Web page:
BMI, body mass index; CKD, chronic kidney disease; SD, standard deviation,
      Indicates statistical significance.
      Table 3Procedure Types in Each Group
      2-Nurse GroupN3-Nurse GroupN
      Open CTR251Endoscopic CTR393
      TFR174TFR135
      Endoscopic CTR119Mass excision70
      Mass excision75Endoscopic CTR, TFR27
      Flexor tenosynovectomy48Cyst excision23
      Extensor tenosynovectomy35DeQuervain release22
      IPJ arthrodesis31Tendon repair20
      Tendon repair25Dupuytren fasciectomy19
      Local flap18Ulnar neuroplasty19
      I&D17CRPP18
      Ulnar neuroplasty12Ganglion excision16
      Foreign body removal11Tendon transfer11
      Mass excision11Nailbed repair10
      Nerve repair10I&D9
      External fixation10Open CTR9
      Dupuytren fasciectomy8Phalanx ORIF8
      Wound exploration8IPJ arthrodesis8
      Nailbed repair8Removal of hardware7
      Cyst excision7Foreign body removal6
      CRPP7Digit amputation5
      Endoscopic CTR, TFR6External fixation3
      Tendon transfer5Flexor tenosynovectomy2
      DeQuervain release5Metacarpal ORIF1
      Polydactyly excision4Endoscopic CTR, mallet finger repair1
      Extensor tenosynovectomy3Central slip repair1
      Ganglion excision3Contracture release1
      Excision olecranon bursa2Open CTR, TFR1
      Wound debridement2Hook of hamate excision1
      IPJ capsulectomy2Total846
      Phalanx ORIF2
      Bursa aspiration1
      Removal of hardware1
      Osteophyte excision1
      Endoscopic CTR, mass excision1
      Digit amputation1
      Pisiform excision1
      Total925
      CRPP, closed reduction and percutaneous pinning; CTR, carpal tunnel release; I&D, incision and drainage; IPJ, interphalangeal joint; ORIF, open reduction internal fixation; TFR, trigger finger release.
      No perioperative complications were recorded in either group (Table 4). There was no difference between using 2 versus 3 intraoperative nurses during wide-awake local anesthesia hand surgeries. Statistical analysis of our perioperative complication rate was not possible, given that there were zero complications in both groups.
      Table 4Intraoperative and Postoperative Complications
      Complication2-Nurse Group (n = 925)3-Nurse Group (n = 846)
      Intraoperative
       Cases aborted due to vital signs00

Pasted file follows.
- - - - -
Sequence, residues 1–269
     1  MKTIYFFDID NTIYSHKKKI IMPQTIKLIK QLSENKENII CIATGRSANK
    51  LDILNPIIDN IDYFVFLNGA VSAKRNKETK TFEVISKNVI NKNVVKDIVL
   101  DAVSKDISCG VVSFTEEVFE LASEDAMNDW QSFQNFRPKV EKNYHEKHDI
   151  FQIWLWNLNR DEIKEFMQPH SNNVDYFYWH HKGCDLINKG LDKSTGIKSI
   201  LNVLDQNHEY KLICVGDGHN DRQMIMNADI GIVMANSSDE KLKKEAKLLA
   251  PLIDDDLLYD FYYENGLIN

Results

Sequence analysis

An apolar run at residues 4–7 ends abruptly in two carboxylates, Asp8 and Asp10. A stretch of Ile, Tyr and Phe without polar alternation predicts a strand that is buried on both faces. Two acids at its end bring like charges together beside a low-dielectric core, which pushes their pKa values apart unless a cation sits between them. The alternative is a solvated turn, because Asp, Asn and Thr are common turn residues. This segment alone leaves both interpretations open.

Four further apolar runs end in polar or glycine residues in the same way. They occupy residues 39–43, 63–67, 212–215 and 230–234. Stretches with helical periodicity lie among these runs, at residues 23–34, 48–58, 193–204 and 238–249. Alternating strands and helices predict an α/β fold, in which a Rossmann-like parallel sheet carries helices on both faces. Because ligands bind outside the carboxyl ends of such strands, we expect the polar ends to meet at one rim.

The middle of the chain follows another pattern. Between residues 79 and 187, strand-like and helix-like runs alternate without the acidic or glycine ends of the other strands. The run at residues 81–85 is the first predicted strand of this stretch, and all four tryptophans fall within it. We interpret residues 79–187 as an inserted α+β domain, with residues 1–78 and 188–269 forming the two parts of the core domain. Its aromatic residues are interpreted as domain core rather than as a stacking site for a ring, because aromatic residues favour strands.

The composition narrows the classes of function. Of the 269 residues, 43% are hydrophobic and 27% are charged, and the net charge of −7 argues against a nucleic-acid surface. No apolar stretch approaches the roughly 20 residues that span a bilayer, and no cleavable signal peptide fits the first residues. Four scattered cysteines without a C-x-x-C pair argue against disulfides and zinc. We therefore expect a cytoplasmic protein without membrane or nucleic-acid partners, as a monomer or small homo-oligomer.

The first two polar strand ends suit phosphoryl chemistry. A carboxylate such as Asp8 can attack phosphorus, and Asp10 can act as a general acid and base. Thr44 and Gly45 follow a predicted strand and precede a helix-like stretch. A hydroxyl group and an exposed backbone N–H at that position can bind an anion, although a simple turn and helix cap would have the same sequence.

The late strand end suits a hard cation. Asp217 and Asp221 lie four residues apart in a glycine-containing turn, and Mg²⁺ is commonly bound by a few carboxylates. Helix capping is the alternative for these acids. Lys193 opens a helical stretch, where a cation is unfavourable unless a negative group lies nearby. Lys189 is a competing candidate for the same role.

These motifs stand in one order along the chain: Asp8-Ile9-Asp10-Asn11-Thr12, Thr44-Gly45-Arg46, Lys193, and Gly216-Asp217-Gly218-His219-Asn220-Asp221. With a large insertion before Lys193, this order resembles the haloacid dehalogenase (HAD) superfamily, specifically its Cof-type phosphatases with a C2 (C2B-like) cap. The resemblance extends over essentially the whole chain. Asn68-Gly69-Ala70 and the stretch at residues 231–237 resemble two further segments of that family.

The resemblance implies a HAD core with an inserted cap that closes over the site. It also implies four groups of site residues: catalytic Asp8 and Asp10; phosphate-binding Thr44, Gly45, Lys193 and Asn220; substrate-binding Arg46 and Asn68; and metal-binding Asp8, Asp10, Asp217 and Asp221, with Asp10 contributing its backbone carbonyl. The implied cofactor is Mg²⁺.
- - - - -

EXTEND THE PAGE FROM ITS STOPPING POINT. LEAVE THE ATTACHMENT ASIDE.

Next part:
Medication delivery00
       Intravenous placement for medication delivery00
       Conversion to sedation00
       Medical complications (ie, MI)00
      Postoperative
       Transfer to ED or hospital00
      ED, emergency department; MI, myocardial infarction.

      Discussion

      After reviewing 1,771 consecutive wide-awake local anesthesia upper-extremity surgeries, we found no difference in perioperative complications when using 2 versus 3 operating room nurses. Although having a nurse solely to monitor the patient may seem judicious, it does not seem to impact patient safety objectively.
      The wide-awake local anesthesia technique in hand surgery has many benefits, including increased cost savings and improved operational efficiency.
      • Codding J.L.
      • Bhat S.B.
      • Ilyas A.M.
      An economic analysis of MAC versus WALANT: a trigger finger release surgery case study.
      ,
      • Rhee P.C.
      • Fischer M.M.
      • Rhee L.S.
      • McMillan H.
      • Johnson A.E.
      Cost savings and patient experiences of a clinic-based, wide-awake hand surgery program at a military medical center: a critical analysis of the first 100 procedures.
      ,
      • Tang J.B.
      Local anesthesia without tourniquet in hand and forearm surgery: my story of using and promoting it.
      • Van Demark R.E.
      • Becker H.A.
      • Anderson M.C.
      • Smith V.J.S.
      Wide-awake anesthesia in the in-office procedure room: lessons learned.
      • Lalonde D.H.
      Conceptual origins, current practice, and views of wide awake hand surgery.
      As wide-awake local anesthesia surgery has become increasingly adopted, protocols for the implementation of this technique into a surgeon’s practice have been well published.
      • Lalonde D.H.
      Reconstruction of the hand with wide awake surgery.
      ,
      • Lalonde D.H.
      “Hole-in-one” local anesthesia for wide-awake carpal tunnel surgery.
      In contrast, minimal information exists in the literature to help guide facilities in incorporating this technique. When using general anesthesia, an anesthesia provider always monitors the patient because of the critical importance of guarding and maintaining the patient’s airway. However, with wide-awake local anesthesia, the anesthesia provider is no longer necessary to either anesthetize the patient or supervise the airway. This has left the decision on how to best monitor the patient up to the individual facilities.